5 Fun Facts About The Great Smoky Mountains
The Great Smoky Mountains are a must-see tourist destination known for their picturesque nature views and abundant wildlife. Whether you’ve visited once or 50 times, get to know this iconic landmark a little better before you go again. Here are 5 fun facts about the Great Smoky Mountains:
1. They Are Old Timers
As you’re looking out at the Smoky Mountains and their breathtaking beauty, it will surprise you to discover that this mountain range is estimated to be between 200 and 300 million years old. This makes it one of the oldest mountain ranges in the world! On the other hand, The Great Smoky Mountains National Park is a lot younger as it was established in 1934. The mountains themselves show no age as the beauty remains timeless. It is no surprise that visitors come back to see it again and again.
2. They Are Named the “Salamander Capital of the World”
As you are hiking in the Smoky Mountains, you can see a variety of wildlife including black bears, elk, and white-tailed deer. If you look even harder, you might be able to catch a glimpse of one of the smaller residents, a salamander. The Great Smoky Mountains are home to over 30 different species of salamanders. If you want to increase your chances of seeing them, hike over to Grotto Falls. The cool climate makes this spot an ideal habitat for salamanders.
3. The Temperature Changes At Higher Elevations
Something to keep in mind as you are hiking in the Smoky Mountains is that the temperature can change depending on the elevation. More specifically, the temperature will drop as you go higher up. The temperature on top of Mount LeConte, the third-highest peak in the Smokies, rarely goes above 80 degrees. If you plan on hiking at these high points, it is a good idea to bring a jacket with you no matter what season it is. You can tie it around your waist for easy access. That way, if you suddenly need it, you won’t have to dig around in your bag.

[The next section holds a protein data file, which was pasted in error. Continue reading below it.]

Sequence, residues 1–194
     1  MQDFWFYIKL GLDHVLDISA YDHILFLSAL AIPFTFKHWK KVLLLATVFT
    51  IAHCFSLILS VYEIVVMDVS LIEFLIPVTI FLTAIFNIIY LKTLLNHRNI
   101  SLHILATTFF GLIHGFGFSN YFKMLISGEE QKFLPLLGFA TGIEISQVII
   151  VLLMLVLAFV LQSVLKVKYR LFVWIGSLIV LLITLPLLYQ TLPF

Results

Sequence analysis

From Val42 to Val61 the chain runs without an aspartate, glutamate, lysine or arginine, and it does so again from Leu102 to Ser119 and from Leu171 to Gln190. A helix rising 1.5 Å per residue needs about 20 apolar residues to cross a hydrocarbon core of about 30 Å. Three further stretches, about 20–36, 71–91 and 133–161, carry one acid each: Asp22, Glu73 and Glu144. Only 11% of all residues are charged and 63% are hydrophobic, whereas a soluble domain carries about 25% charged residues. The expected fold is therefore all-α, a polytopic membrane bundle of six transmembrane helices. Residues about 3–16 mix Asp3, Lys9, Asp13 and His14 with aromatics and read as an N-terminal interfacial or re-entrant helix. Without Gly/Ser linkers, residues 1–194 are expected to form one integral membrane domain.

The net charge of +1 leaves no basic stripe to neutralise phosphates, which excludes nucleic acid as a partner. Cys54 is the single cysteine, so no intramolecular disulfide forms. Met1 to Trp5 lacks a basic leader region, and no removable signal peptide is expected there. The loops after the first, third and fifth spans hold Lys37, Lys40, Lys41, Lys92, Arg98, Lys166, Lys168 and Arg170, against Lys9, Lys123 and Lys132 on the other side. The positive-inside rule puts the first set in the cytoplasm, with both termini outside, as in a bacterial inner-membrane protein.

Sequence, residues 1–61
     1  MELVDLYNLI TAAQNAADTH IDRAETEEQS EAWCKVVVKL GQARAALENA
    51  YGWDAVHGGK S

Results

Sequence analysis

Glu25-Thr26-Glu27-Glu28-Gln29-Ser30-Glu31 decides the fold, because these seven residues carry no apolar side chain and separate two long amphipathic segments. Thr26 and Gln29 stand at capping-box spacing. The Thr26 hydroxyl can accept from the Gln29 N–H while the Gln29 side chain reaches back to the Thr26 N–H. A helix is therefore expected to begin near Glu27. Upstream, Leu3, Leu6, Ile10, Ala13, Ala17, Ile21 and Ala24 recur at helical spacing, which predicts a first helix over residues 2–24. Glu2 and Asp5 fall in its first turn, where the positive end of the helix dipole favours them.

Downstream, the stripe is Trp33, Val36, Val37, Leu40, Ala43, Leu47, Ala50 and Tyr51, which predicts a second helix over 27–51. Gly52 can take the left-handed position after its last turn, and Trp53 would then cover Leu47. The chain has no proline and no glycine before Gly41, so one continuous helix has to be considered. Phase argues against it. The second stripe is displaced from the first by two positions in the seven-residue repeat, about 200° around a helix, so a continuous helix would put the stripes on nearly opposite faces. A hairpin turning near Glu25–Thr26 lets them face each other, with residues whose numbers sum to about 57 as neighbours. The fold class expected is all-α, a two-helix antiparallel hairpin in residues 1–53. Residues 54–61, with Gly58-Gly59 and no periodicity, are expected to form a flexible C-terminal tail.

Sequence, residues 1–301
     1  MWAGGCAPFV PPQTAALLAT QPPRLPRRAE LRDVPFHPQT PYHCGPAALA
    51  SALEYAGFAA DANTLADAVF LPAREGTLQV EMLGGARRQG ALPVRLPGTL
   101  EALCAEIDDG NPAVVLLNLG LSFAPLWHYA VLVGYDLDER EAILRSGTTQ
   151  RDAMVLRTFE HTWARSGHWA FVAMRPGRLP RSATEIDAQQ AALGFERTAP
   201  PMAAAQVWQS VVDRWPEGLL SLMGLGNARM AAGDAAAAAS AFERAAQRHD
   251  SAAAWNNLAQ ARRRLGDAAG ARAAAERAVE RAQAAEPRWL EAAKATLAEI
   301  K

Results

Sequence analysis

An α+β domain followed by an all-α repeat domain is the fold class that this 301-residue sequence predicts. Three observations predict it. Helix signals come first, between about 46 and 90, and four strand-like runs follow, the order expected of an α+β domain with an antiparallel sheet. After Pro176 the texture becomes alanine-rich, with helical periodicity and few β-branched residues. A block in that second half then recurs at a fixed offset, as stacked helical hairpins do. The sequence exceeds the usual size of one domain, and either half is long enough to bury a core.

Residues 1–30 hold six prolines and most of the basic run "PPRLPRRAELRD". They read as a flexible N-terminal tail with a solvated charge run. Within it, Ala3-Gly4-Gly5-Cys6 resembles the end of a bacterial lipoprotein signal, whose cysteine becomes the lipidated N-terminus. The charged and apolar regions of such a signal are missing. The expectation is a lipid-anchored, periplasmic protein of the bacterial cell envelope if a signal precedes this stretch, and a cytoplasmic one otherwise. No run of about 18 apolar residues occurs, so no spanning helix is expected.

4. The Smoky Mountains Are Smoky
Where do the Great Smoky Mountains get their name from? The smokiness doesn’t come from fire. Instead, it is created by millions of plants in the area that release a blue fog into the air. This fog is referred to as a volatile organic compound or VOC for short. This unique trait prompted the Cherokee Indians to refer to the mountains as “Shaconage,” which means “place of blue smoke.”
5. The Most Visited National Park
More than 12 million visitors come to the Great Smoky Mountains National Park each year, making it the most visited park in North America! People love to breathe in the fresh mountain air and see the gorgeous views from Clingmans Dome observation tower! Come and see everything that the Smokies have to offer! You won’t be disappointed!
We hope you enjoyed these fun facts about the Great Smoky Mountains! We would love to provide you with a cozy place to stay when you come to see this iconic landmark in person. Start planning your trip by exploring all of our Pigeon Forge luxury cabins and their amenities to find the perfect one for your vacation.